August 2007 Convention
Albuquerque, NM

Andean Flute

Engaging, enthusiastic, inspiring. These are all words that come to my mind when I think about the workshop/demonstration Nathaniel Kuster (Chichí Pérez) presented at the National Flute Association’s convention in Albuquerque this August.

Chichí Pérez briefly recounted the history of the role flute-type instruments play(ed) in music in the Andes. This geographic region spans the Andes Mountains of South America from Columbia down to Argentina. Pérez explained the design and fingering of the quena. An end-blown notched flute played vertically, the quena has six finger holes on the front and a thumbhole on the back.

Encouraging all to take their flutes and play, Pérez coaches the audience on playing the work Ojos Azules. The handout provided showed Western notation and traditional Huayno (synthesis of rural traditional and popular urban music). A feeling of understanding seemed to pass through the audience as they played along with Pérez. Each verse brought a different rhythmic element to the piece. As the audience ensemble continued, Pérez joined in playing the Zampona.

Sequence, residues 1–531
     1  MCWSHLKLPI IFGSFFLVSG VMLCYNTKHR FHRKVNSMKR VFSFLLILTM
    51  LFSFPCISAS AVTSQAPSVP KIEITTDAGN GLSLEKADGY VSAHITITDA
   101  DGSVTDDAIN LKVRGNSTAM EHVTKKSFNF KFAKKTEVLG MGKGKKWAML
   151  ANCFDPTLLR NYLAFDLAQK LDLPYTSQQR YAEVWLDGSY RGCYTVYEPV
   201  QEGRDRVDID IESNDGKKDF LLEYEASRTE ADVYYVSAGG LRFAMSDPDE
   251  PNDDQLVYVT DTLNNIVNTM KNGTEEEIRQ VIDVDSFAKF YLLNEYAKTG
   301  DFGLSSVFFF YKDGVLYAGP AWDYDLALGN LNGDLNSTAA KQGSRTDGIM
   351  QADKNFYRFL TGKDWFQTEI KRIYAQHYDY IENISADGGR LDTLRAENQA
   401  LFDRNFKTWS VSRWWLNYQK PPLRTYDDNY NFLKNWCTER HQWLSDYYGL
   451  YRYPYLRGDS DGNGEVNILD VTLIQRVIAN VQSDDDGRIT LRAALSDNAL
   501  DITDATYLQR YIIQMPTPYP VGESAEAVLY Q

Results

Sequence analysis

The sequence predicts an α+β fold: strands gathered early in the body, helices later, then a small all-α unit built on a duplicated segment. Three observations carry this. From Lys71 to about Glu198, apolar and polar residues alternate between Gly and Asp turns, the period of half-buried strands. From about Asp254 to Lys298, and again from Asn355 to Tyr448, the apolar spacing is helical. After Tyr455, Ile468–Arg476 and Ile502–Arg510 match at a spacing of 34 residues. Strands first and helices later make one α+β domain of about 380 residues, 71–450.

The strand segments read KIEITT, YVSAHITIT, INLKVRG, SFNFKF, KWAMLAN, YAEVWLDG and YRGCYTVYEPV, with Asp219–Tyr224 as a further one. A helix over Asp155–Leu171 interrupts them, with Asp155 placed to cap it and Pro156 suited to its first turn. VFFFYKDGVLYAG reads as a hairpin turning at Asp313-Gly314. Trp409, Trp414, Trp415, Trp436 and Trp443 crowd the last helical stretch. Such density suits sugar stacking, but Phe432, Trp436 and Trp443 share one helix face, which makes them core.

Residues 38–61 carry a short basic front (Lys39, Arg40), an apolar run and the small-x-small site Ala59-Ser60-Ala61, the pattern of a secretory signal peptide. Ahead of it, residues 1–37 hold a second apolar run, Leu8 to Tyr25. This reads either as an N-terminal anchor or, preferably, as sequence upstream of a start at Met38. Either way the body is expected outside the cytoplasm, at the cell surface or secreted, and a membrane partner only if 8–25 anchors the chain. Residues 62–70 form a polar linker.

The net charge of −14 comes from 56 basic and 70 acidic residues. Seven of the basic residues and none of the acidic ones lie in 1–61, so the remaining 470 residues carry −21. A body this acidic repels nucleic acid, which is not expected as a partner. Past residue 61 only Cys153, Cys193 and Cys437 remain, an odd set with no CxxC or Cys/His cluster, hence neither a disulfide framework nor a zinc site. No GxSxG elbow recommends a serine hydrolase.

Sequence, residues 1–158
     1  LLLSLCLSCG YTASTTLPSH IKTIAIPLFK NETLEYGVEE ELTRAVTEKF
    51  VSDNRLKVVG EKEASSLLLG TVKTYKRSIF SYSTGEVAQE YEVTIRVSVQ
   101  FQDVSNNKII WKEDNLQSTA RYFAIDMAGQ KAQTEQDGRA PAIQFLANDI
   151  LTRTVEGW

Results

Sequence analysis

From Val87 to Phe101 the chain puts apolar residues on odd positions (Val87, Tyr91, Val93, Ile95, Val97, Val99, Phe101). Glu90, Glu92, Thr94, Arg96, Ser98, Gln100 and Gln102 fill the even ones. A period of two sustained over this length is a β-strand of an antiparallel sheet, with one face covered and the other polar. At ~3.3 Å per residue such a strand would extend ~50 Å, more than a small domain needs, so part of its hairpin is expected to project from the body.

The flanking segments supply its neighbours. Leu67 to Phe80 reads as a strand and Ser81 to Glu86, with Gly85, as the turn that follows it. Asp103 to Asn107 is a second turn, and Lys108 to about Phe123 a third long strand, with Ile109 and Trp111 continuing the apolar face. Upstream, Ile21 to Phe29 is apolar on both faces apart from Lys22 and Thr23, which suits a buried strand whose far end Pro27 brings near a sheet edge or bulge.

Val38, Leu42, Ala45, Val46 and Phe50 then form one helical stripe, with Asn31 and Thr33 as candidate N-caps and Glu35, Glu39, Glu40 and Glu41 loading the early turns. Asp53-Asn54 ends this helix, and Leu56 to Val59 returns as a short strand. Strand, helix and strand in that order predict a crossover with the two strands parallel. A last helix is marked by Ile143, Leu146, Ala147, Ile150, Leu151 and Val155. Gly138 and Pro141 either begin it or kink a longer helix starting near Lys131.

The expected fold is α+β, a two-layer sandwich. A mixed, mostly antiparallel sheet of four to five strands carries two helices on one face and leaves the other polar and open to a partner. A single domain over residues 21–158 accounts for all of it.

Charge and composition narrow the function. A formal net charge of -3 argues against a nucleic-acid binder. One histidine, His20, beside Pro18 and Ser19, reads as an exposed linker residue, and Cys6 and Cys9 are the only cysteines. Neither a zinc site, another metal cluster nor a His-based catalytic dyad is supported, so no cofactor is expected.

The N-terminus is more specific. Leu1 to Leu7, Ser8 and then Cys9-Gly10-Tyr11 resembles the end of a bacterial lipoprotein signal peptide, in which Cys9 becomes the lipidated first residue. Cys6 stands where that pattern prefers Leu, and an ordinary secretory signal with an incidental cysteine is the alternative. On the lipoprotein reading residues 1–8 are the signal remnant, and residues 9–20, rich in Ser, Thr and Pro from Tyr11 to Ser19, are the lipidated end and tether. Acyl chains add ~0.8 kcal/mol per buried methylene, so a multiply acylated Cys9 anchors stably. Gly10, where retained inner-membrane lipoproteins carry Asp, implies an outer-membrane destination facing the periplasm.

Although Chichí Pérez explained to the audience the details of the Andean quena, he seemed more intent on sharing the music of the Andeas. His love for the music was infectious. Many of the audience left feeling they had truly played some Andean music. The handout distributed at the demonstration was informative and interesting, and provided resources to contact for additional information.

—Sharon Winton